The Stories Behind Match Day
Medical Students Learn Residency Destinations with Match Day
Just as basketball fans wait every year for the tradition, excitement and upsets of March Madness, medical students await the same with Match Day. Fourth-year medical students from the Texas Tech University Health Sciences Center (TTUHSC) School of Medicine participated in Match Day. The following students chose a path with multiple degrees that led them to this day.
Pharmacy Background Paved the Way to Medical Oncology
At the age of 19, Michael Song considered heading into medical school. But he took a very non-traditional path. He had acquired enough college credits to start looking at medical school applications. However, with loving encouragement from his family and mentors, he explored other worthwhile pursuits before going to medical school. He received his bachelor’s degree in sociology and a Doctor of Pharmacy from University of Texas at Austin, worked in a research lab during his undergraduate and pharmacy school years, then worked as a clinical pharmacist at the Dallas County Hospital District for nearly 8 years, before beginning medical school.
“I loved being an oncology pharmacist,” Song said. “I loved working with cancer patients who would not have a place to go other wise, but I missed the research component in my clinically focused practice. I wanted to get into cancer therapeutics research. So I came to TTUHSC and started in the joint M.D./Ph.D. program.”
In 2010, when Song began at TTUHSC, he heard about The Free Clinic and wanted to volunteer.
“Dr. Kelly Bennett took me aside and said, ‘I hear you were a pharmacist. We could really use your help in putting a pharmacy in the clinic,’” Song said. “I couldn’t think of anything more worthwhile to do.”
The process of establishing a pharmacy at The Free Clinic was a complex process. Song went through meetings with legal teams, communicated with the State Board of Pharmacy and started everything from scratch. He wrote grants to secure funding, wrote policy and procedures for the clinic and pharmacy, worked on legal documents for pharmacy licensure, designed the physical facilities, wrote other grants to secure the starting inventory and recruited and trained the pharmacy volunteers. The process took three years of time-consuming work.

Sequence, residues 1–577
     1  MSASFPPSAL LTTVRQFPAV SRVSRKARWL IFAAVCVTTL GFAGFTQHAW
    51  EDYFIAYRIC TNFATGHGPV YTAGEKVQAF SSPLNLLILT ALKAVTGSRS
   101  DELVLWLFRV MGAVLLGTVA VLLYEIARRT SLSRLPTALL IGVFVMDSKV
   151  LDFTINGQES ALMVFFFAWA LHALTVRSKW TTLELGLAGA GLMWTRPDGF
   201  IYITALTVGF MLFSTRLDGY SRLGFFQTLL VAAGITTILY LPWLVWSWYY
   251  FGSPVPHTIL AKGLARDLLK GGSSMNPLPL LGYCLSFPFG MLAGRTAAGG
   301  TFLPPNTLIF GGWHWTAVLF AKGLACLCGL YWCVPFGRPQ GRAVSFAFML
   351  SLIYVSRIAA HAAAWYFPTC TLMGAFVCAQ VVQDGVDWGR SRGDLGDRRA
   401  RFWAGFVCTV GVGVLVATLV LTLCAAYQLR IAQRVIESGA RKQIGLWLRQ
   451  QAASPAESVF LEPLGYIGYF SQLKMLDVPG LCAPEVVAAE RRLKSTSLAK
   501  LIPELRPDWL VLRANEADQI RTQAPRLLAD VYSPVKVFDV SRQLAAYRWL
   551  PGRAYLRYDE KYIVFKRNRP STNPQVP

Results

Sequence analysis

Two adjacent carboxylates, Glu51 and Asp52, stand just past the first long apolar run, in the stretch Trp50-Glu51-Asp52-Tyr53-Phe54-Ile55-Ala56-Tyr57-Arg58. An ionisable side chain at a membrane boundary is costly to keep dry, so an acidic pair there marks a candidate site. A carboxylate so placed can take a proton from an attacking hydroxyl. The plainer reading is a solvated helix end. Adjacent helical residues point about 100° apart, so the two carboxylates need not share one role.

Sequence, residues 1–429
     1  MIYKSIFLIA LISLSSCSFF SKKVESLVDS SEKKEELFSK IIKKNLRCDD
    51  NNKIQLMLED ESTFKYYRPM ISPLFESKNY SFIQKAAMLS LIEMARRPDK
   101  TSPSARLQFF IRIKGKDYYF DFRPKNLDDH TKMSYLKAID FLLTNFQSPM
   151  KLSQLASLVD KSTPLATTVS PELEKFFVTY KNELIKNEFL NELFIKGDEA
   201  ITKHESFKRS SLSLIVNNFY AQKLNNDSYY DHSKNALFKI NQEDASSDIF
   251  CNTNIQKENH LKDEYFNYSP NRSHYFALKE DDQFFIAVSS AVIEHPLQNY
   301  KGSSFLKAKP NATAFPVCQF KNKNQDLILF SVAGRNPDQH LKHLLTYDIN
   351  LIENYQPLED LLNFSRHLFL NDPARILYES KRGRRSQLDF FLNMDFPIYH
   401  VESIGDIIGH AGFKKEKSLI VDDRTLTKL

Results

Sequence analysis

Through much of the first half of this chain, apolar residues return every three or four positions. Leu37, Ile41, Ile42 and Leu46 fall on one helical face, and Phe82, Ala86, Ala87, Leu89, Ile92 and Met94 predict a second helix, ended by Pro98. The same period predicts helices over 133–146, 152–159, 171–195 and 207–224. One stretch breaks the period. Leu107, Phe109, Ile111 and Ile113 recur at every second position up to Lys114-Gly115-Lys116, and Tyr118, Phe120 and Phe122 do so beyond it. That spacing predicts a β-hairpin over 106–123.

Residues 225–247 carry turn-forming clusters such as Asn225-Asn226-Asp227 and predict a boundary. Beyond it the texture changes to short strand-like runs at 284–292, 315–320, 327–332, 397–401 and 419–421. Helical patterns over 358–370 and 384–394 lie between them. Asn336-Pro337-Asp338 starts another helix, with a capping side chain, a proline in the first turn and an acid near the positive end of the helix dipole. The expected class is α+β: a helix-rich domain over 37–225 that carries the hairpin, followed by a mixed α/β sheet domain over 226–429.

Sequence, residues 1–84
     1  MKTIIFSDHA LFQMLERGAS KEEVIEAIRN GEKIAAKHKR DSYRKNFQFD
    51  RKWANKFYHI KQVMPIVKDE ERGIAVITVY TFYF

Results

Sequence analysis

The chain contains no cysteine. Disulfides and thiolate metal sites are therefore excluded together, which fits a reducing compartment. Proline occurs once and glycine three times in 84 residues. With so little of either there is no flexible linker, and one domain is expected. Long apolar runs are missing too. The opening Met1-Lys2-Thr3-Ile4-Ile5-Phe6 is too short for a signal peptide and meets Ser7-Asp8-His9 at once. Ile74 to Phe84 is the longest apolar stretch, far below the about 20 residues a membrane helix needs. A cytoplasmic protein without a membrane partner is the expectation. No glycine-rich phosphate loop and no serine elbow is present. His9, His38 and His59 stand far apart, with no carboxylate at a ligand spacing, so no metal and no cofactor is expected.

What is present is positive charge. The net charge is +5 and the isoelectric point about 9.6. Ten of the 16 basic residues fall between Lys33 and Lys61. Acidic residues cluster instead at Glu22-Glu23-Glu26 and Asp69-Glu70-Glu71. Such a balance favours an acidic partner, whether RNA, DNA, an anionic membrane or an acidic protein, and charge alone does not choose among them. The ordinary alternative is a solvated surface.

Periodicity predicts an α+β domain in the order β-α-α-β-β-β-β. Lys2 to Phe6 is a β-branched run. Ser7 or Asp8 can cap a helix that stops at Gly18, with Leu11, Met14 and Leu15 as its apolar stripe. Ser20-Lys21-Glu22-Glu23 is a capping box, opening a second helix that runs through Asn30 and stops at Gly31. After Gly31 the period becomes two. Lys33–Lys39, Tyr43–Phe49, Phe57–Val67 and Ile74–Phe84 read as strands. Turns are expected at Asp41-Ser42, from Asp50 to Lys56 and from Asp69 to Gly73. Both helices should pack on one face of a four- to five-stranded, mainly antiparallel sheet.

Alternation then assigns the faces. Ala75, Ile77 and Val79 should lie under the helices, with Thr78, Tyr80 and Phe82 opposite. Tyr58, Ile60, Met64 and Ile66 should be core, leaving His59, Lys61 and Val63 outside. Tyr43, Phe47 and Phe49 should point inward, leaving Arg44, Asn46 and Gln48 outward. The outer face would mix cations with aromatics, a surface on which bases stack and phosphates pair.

“I had completed my first two years of medical school and was in the first year of my Ph.D. program when we received the licensure for the pharmacy and opened its doors,” Song said. “One of the biggest needs was to provide basic medications and education to keep The Free Clinic patients healthy. Now with the pharmacy in-house, we are able to do that. It speaks to how God works, by having the right person at the right place at the right time. I was at the right place at the right time, with the right background and experiences. Now the work gets to help a lot of people. I am fortunate to have been a part of that. The true beauty of The Free Clinic is all of the volunteers from TTUHSC and the community and their genuine care and concern for the patients.”
After 8 years at TTUHSC, Song learned he matched at the University of Texas Health Science Center at San Antonio to complete his residency in internal medicine. His Ph.D. was in Biochemisty, Cellular and Molecular Biology (Class of 2016) and his work focused on cancer molecular biology. Song worked in the laboratories of Patrick Reynolds, M.D., Ph.D., and Ming Kang, Pharm.D., characterizing cell and xenograft models and utilizing them to study molecular mechanisms of drug resistance.
“The key component is patient care,” Song said. “I very much look forward to working with each patient under my care, but I also want to continue my research work and develop new treatment modalities, which will benefit 100 other patients who may be fighting a similar disease. I am in a unique position with my pharmacy education and experience. I had outstanding training through my Ph.D. education. With my medical education and training, I will be in a good position to be a successful clinician-scientist. I hope to have the opportunities that will allow me to help a lot of patients in the future.”
Siblings Match Career Journeys
As siblings, Mike and Kristen Russell remember being close and extremely competitive growing up along with their sister Rachel. The two have almost mirror-like career paths.
Natives of Tunkhannock, Pennsylvania, Mike earned a degree in chemical engineering and Kristen a degree in mechanical engineering both from Kettering University in Flint, Michigan. Mike worked three years for General Motors. Kristen worked for Zimmer Orthopedics.
The Russell parents, Gary and Susan, both family medicine physicians, worked with patients in Africa, Haiti and the Middle East. Those global experiences early on in their lives have made an impact on the Russell family.
“I remember being 11 and 13 when we traveled to Honduras and Kenya,” Kristen said. “We were really blessed that we saw the good side of medicine during those oversea trips. I saw the connection you can have with people and how it can make a difference in their lives. We had a positive experience with medicine.”